Overall costs for treating cancer top $100 billion annually, prompting insurers to change how they pay for cancer care to promote evidence-based, cost-effective treatments, The Wall Street Journal reported.
Leading the charge is WellPoint, which will start paying oncologists $350 a month for each patient on one of the insurer's recommended cancer treatment pathways. WellPoint's program will begin July 1 in six states, initially focusing on breast, lung and colorectal cancer, the WSJ noted. It estimates the fully implemented program will reduce cancer treatment costs by about 3 percent to 4 percent.
The Indianapolis-based insurer will still reimburse providers for visits and cancer drugs consistent with a member's health plan terms, but only pathway regimens qualify for the extra payments, WellPoint announced today.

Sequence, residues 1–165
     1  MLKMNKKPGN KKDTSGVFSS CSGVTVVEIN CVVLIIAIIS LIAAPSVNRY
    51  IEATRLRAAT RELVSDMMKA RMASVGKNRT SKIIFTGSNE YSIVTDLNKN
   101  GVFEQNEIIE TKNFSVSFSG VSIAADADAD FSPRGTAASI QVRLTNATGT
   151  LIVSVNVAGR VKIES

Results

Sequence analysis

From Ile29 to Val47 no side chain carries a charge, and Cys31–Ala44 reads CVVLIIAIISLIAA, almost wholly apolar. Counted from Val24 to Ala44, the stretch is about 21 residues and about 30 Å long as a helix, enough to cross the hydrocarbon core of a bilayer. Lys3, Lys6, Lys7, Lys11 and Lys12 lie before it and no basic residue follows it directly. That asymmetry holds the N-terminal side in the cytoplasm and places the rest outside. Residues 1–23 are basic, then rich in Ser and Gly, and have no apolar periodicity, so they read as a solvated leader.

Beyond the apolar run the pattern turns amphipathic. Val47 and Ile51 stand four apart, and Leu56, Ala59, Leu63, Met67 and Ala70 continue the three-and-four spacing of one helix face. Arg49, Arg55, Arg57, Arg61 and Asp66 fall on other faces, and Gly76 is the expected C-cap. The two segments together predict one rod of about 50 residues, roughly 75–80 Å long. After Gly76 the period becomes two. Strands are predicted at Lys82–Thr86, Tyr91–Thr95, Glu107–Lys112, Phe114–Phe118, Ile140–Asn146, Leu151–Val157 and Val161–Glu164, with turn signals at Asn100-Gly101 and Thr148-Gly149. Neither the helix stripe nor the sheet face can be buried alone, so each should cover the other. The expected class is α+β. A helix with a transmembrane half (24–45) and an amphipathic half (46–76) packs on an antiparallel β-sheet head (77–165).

Highlighting the need to support oncologists in identifying highly effective and high-value cancer treatments, WellPoint noted that up to a third of people treated with chemotherapy don't receive a treatment plan in line with medical evidence, while 180 medical journals publishing new cancer studies on a monthly and quarterly basis make it hard to keep up with best practices.
"It's clear that our approach to cancer therapy is the answer in making a positive impact on quality and in slowing the rate of these increases to keep premiums as affordable as possible," Doug Wenners, WellPoint senior vice president for provider engagement and contracting, said in the announcement.
The Affordable Care Act prohibits insurers from denying cancer patients coverage or charging them much higher rates and guarantees free cancer screenings. But since coverage expansion provisions don't include guaranteed access to specialty cancer hospitals, provider networks on insurance exchanges exclude some of the nation's best cancer hospitals, which concerns some state insurance regulators and patient advocates.